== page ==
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  15. mikenmild (11,247 comments) says:

    CharlieBrown
    I feel that a minimum wage is an essential part of regulating the labour market. I look at it in the same light as a host of other things, such as health and safety rules and anti-discrimination laws, that go to form the underpinnings of a decent society and counterbalance, to some extent, the inherently unequal power balance between the employer and employee.

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  16. Paulus (2,627 comments) says:

    Try employing an Electrician, Plumber, Brickie or Tiler to do a relatively simple job.
    No – sorry too busy. Can fit you in in about a month.
    When you do look at the bill and sit quietly and meditate.
    They have skills.
    They have learned their trade – cannot see why some of the unemployed cannot do an apprentiship.
    Sorry they cannot read or write and it is hard work.

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  17. Nostalgia-NZ (5,203 comments) says:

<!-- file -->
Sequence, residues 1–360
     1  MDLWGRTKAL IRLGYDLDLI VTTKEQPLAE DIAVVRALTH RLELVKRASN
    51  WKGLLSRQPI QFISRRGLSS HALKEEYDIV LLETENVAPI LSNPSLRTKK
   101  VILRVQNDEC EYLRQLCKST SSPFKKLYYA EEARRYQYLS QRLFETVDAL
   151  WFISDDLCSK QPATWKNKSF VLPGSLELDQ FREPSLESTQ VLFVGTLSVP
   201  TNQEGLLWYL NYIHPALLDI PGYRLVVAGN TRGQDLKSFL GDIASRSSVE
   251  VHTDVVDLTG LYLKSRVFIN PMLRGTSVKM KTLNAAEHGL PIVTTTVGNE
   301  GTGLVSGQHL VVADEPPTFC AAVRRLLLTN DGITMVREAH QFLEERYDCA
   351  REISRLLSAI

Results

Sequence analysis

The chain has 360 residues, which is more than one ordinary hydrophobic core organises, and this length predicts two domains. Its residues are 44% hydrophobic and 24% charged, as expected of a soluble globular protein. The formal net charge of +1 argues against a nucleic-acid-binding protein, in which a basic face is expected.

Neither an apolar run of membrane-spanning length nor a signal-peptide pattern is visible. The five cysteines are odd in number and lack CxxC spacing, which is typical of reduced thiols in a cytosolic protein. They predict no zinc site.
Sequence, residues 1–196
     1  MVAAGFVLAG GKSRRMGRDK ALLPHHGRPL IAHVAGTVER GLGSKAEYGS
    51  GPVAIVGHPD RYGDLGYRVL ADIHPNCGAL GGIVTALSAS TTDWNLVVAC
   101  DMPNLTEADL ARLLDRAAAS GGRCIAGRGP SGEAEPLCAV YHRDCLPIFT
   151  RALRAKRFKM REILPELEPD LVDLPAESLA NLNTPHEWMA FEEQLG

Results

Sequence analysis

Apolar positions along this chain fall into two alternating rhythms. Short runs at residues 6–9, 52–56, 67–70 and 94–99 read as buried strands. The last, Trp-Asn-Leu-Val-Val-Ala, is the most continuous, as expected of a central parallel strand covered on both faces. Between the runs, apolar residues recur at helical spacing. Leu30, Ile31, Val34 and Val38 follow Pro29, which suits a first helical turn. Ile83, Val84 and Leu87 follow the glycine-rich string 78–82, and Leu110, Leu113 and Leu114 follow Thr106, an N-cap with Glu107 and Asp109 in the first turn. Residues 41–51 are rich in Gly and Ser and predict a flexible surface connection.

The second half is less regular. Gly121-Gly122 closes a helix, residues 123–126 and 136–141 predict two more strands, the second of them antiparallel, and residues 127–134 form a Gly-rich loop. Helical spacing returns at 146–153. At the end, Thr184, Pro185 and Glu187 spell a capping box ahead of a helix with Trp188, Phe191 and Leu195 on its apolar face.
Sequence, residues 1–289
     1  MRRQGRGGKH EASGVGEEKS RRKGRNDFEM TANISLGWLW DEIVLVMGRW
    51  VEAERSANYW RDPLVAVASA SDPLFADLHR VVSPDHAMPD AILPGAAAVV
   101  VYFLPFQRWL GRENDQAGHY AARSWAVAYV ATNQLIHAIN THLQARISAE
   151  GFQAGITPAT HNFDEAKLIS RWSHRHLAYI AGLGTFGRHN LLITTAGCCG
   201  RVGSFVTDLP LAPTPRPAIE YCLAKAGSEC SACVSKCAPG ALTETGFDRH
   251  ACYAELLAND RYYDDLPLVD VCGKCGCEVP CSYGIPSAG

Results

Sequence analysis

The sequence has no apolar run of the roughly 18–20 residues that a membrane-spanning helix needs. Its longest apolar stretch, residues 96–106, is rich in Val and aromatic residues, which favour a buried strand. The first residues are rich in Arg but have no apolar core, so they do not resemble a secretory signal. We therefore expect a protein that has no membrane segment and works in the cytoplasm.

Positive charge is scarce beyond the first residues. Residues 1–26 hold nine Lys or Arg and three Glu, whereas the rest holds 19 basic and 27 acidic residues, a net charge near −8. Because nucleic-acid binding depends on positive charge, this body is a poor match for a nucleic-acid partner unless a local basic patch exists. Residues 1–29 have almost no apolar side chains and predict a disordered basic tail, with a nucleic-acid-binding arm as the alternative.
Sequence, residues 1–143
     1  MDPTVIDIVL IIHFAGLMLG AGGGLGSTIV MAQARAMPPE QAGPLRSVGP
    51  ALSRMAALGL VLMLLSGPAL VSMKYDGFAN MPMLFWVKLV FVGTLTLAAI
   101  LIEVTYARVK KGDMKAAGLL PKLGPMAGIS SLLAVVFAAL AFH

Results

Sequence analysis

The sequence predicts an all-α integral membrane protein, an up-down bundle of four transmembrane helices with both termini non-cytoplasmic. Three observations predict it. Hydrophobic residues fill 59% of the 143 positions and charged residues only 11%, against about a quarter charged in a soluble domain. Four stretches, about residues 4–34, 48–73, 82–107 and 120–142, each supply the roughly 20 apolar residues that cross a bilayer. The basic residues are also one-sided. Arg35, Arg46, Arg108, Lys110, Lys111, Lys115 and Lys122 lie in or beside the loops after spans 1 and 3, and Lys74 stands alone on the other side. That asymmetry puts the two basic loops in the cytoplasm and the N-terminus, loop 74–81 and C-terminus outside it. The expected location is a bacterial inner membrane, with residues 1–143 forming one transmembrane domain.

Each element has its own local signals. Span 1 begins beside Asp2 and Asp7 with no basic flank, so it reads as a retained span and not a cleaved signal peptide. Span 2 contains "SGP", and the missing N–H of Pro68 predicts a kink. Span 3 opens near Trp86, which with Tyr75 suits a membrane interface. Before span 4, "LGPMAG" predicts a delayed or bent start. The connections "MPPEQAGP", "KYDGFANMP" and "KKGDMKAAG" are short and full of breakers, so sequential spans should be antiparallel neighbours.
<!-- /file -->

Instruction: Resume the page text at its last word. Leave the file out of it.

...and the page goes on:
mikenmild as I pointed out above a large part of the work force is largely unregulated and thrives. Starting from a position that insists there are 2 ‘sides’ rather than an opportunity for work to progress both parties puts people in trenches straight away. In the nuts and bolts world out here somebody can hire a lemon and find it easier to pay them out to let them go, meanwhile that deepens caution and concern about what real relationship can be developed between 2 parties that work on their own deal on their own terms. No doubt this is more relevant to small business, however small business is highly productive for the economy. Why can’t people mind their own fucken business?

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  18. hj (7,015 comments) says:

    Peter highlights that we have a relatively high rate of natural increase in population.
    But we also have a large and persistent outflow of NZers (large by any comparative
    international standards). That outflow should best be seen as a rational response to
    perceived opportunities – those abroad are better than those here. Outflows of New
    Zealanders should generally act as a stabilizing force, helping to rebalance the
    economy. Economies with slow growing populations need to devote a whole lot